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On Oct. 30, President Joe Biden issued an executive order on safe, secure and trustworthy artificial intelligence.[1]

The executive order provides a sprawling list of directives aimed at establishing standards for AI safety and security and protecting privacy.

While the executive order acknowledges the executive branch’s lack of authority for any lawmaking or rulemaking

A number of federal privacy laws provide private rights of action, allowing individuals (or class actions) to bring claims alleging violations of certain privacy laws. Some examples of these statutes include the Video Privacy and Protection Act (VPPA), the Telephone Consumer Protection Act (TCPA), and the Fair Credit Reporting Act (FCRA). What is more is

Yesterday, October 12, 2022, was the first time that a case under the Illinois Biometric Information Privacy Act (BIPA) went to trial – and the result was a big win for the Plaintiffs, more than 44,000 truck drivers whose fingerprints were scanned for identity verification purposes without any informed permission or notice. BIPA is an

Today, October 7, 2022, President Joe Biden signed an executive order implementing a new privacy framework for data being shared between Europe and the United States. The new framework is called the “Trans-Atlantic Data Privacy Framework,” and it will (hopefully) serve to replace the prior framework, known as “Privacy Shield”, which was struck down by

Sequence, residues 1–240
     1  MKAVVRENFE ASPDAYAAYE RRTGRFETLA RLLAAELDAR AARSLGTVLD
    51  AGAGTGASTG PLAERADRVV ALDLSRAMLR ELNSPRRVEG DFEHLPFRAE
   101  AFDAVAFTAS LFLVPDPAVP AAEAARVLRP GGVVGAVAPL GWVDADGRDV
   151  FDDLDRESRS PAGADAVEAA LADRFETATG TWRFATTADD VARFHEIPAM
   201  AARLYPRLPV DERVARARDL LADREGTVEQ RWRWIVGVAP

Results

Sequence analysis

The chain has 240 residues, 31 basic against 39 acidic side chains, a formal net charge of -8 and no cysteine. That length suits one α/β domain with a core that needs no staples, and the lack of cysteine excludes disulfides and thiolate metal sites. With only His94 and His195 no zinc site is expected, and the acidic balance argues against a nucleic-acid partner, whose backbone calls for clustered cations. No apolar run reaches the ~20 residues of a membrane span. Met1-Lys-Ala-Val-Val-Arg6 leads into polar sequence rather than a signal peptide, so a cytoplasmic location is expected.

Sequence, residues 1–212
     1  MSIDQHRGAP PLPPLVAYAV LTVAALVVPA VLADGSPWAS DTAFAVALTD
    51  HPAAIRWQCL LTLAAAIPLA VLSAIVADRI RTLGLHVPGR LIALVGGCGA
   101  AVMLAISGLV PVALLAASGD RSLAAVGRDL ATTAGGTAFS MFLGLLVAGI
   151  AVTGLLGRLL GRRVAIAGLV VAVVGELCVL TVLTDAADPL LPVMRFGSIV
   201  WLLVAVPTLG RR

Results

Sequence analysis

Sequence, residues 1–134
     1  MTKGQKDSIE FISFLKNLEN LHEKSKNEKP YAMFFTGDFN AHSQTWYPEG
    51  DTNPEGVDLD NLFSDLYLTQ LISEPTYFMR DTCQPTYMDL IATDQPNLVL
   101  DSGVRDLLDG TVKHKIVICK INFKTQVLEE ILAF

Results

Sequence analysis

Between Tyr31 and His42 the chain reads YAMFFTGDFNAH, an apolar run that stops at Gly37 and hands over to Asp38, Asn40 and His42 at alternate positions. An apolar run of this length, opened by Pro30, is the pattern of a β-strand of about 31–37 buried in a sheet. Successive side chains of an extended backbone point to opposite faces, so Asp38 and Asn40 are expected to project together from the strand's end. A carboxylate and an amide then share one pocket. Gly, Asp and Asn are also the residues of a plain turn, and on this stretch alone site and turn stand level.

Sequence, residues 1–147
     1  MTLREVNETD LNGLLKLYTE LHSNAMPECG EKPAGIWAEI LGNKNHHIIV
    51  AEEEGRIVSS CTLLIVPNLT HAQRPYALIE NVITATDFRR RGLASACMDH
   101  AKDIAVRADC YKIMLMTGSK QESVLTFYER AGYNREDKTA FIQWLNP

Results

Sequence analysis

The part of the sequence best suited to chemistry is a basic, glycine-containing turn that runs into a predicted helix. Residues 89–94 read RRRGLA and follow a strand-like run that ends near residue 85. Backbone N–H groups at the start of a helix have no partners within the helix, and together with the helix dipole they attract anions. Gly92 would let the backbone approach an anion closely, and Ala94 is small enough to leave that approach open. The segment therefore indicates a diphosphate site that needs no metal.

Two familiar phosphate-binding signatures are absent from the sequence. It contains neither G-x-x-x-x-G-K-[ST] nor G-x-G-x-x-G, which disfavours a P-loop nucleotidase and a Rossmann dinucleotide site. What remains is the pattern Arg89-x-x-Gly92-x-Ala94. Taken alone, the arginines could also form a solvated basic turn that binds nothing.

California Attorney General Rob Bonta announced yesterday a settlement reached with beauty product retailer, Sephora, Inc. (Sephora), resolving allegations that Sephora violated various provisions of the California Consumer Privacy Act (CCPA).  Specifically, it was alleged that Sephora failed to:

  • Disclose to consumers that it was selling their personal information
  • Process user requests to opt out

In July 2020, the Schrems II decision issued and the European Commission’s adequacy decision for the EU-US Privacy Shield Framework was invalidated.  Further, and broader than the invalidation of Privacy Shield adequacy decision, the Schrems II judgement found that US surveillance measures interfered with what are considered “fundamental rights” under EU law, i.e., the rights

On Friday, January 28, 2022, the California Office of Attorney General issued a press release announcing that California DOJ sent notices alleging non-compliance with the California Consumer Privacy Act (CCPA) to a number of businesses operating loyalty programs in California.  The press release stated, inter alia:

“Under the CCPA, businesses that offer financial incentives,

On August 13, 2018, the Associated Press published a story: “Google tracks your movements, like it or not.” According to the article, computer-science researchers at Princeton confirmed findings that “many Google services on Android devices and iPhones store your location data even if you’re using a privacy setting that says it will prevent